Kenny McCulley | CaringBridge

Kenny McCulley

First post: Aug 13, 2018
Kenny's story starts back in the winter of 2014 when he developed pneumonia like symptoms that restricted his breathing considerably, and continued to get worse and worse over time. Eventually his illness developed to a severe state, and he was taken to the University of Iowa and kept in the intensive care unit for approximately one month. During this month, many, many, many tests were performed, with high risk outcomes. Doctors were having difficulties in determining what the exact cause was. Overall, Kenny was not able to breath successfully on his own, tests were coming back inconclusive, and he was sent home on 10-15 liters of oxygen and very high doses of Prednisone, to keep his lungs functioning enough to keep Kenny from basically suffocating from the air restriction. At first, Kenny was home and comfortable, but eventually, within a couple of weeks Kenny's health returned to a severe state, and he was taken back to the University of Iowa hospital. Again, a battery of tests were performed, without a conclusive answer as to the cause and without a long term solution. Luckily, Kenny was released from the hospital in time for Christmas, but right after the new year, was back to a severe state, and we decided we needed a second opinion. We risked taking him to Des Moines, to Methodist Medical Center, arriving to the ER with Kenny's oxygen level in the low 40's. Kenny was immediately admitted to the intensive care unit, and went through a battery of new tests, with new doctors. It was determined that in order to find exactly what was wrong with Kenny's lungs and how to help him, they needed to perform a bronchoscopy with biopsy. This was a high risk procedure for Kenny, considering he would need to be put on a ventilator and his lungs were already compromised. He came out of this successfully and much better than doctors expected. With the results not determining the cause of Kenny's condition, we were able to understand his condition a little better. After consultation with Mayo, Kenny was diagnosed with interstitial lung disease, with similar characteristics to COPD and other like lung diseases. He was given a 3-5 year life expectancy, with the condition his lungs were currently in, and  understanding he would have to be on larger amounts of oxygen and Prednisone. Kenny was also made to understand that the damage that has been done to his lungs with this disease would not get better, but in following doctors orders, could slow the growth of new damage and loss of lung capacity.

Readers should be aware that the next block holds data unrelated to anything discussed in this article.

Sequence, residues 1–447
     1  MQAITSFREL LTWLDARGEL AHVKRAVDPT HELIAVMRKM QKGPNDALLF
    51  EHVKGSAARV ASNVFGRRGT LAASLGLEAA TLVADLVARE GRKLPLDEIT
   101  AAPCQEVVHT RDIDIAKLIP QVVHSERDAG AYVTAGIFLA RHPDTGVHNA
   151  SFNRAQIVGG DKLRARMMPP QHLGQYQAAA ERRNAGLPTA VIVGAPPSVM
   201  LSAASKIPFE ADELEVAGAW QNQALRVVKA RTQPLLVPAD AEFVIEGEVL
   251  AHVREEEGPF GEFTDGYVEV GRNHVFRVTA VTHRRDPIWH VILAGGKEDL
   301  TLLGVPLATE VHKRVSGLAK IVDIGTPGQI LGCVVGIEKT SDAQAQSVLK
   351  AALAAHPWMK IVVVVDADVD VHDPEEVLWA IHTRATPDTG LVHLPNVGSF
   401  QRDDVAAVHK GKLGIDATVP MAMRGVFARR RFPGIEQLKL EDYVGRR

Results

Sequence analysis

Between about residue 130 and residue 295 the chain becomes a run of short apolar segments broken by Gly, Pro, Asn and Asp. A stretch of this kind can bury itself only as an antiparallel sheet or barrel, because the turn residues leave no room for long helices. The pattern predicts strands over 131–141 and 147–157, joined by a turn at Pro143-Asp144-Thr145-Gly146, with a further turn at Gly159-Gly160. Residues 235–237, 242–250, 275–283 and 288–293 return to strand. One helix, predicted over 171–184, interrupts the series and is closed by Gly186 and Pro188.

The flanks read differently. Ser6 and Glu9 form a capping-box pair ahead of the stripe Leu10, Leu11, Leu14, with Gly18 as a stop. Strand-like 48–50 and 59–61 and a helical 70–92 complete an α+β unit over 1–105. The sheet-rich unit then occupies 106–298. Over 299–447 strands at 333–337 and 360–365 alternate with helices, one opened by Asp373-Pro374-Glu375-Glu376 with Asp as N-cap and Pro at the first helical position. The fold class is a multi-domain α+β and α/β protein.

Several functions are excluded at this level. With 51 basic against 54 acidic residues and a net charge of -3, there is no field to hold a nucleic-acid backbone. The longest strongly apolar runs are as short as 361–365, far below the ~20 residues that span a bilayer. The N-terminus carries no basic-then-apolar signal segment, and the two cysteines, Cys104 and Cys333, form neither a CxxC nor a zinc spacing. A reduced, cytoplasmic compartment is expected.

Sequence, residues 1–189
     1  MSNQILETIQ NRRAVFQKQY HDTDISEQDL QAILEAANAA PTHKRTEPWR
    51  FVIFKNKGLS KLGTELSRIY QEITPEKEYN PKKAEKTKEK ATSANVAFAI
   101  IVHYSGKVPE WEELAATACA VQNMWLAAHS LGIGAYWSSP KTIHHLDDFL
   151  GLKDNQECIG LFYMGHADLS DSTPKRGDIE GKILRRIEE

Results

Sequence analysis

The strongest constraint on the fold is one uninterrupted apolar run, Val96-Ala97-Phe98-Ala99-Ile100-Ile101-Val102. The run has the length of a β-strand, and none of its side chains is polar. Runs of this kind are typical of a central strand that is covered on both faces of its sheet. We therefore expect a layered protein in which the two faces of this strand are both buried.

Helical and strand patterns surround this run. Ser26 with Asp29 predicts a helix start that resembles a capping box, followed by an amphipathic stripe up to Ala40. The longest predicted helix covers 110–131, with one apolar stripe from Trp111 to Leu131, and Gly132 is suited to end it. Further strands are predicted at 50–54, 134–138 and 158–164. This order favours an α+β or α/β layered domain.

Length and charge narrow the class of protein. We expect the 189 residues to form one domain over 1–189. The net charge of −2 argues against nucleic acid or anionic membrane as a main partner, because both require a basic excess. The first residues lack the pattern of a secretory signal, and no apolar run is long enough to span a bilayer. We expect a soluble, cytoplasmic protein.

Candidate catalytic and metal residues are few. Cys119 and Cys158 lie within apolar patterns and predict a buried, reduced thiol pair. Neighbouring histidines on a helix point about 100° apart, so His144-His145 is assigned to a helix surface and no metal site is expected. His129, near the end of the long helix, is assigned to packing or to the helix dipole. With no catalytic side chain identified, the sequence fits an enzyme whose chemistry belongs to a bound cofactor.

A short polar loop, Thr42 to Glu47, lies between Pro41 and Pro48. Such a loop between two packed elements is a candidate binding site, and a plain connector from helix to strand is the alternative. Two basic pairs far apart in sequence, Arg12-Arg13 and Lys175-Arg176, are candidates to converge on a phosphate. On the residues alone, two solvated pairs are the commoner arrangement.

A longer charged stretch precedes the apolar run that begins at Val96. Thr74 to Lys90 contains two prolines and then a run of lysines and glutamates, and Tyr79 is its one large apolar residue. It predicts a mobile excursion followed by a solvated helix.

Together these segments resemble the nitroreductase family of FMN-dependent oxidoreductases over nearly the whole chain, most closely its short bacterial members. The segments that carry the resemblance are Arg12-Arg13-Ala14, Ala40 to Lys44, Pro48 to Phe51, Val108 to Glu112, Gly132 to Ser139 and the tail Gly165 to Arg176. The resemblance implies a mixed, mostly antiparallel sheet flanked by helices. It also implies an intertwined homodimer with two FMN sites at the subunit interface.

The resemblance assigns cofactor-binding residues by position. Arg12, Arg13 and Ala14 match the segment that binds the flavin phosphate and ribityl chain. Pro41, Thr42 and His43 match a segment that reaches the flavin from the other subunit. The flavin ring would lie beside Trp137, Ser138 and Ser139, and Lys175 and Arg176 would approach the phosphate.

After being released and multiple follow up appointments with his pulmonologist at Methodist, Kenny went to the Mayo clinic to get opinions on lung transplant, and eventually settled back at the University of Iowa, with doctors within the organ transplant department. In January of 2018, Kenny was given strict guidelines to follow in order to be considered for a lung transplant. He had to lose weight, build lung capacity stamina, get more exercise, and gradually be taken off of Prednisone, replacing it with another drug that greatly lowers his immune system. Kenny was also given the negative effects of having a lung transplant, as the doctor said, "You are trading one set of problems for another. " After considering all options, both negative and positive, Kenny set out to change himself in order to be considered for a lung transplant. He has worked very hard to lose a large amount of weight, has been taken off of the Prednisone, and walks on his treadmill everyday. To say his family is proud is a considerable understatement!!


The last two months have been made up of multiple weekly appointments, a support team meeting, and a lot of phone calls back and forth. It has been full of ups, downs, tears, smiles, and laughter!! 


Today, August 13, 2018, Kenny received the news he has been waiting for!!! He is officially on the lung transplant list. We will use this page to keep his friends and family updated as new information comes to us. We want to thank everyone for your thoughts, prayers, cards, and much, much more over the last four years. Kenny is a fighter, and although there will be difficult days ahead, he will persevere!! 


Blessed be the LORD, my rock, who trains my hands for war, and my fingers for battle. Psalm 144:1
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